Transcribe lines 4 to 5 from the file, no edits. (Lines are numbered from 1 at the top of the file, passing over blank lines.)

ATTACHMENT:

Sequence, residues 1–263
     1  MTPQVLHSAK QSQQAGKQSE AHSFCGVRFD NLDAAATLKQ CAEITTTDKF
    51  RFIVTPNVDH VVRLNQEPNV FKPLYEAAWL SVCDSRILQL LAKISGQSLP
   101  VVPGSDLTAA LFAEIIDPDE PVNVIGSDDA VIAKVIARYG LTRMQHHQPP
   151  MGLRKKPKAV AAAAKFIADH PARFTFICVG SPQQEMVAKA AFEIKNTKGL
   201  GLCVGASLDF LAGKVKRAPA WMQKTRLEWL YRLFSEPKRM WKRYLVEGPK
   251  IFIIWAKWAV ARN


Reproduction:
   101  VVPGSDLTAA LFAEIIDPDE PVNVIGSDDA VIAKVIARYG LTRMQHHQPP
   151  MGLRKKPKAV AAAAKFIADH PARFTFICVG SPQQEMVAKA AFEIKNTKGL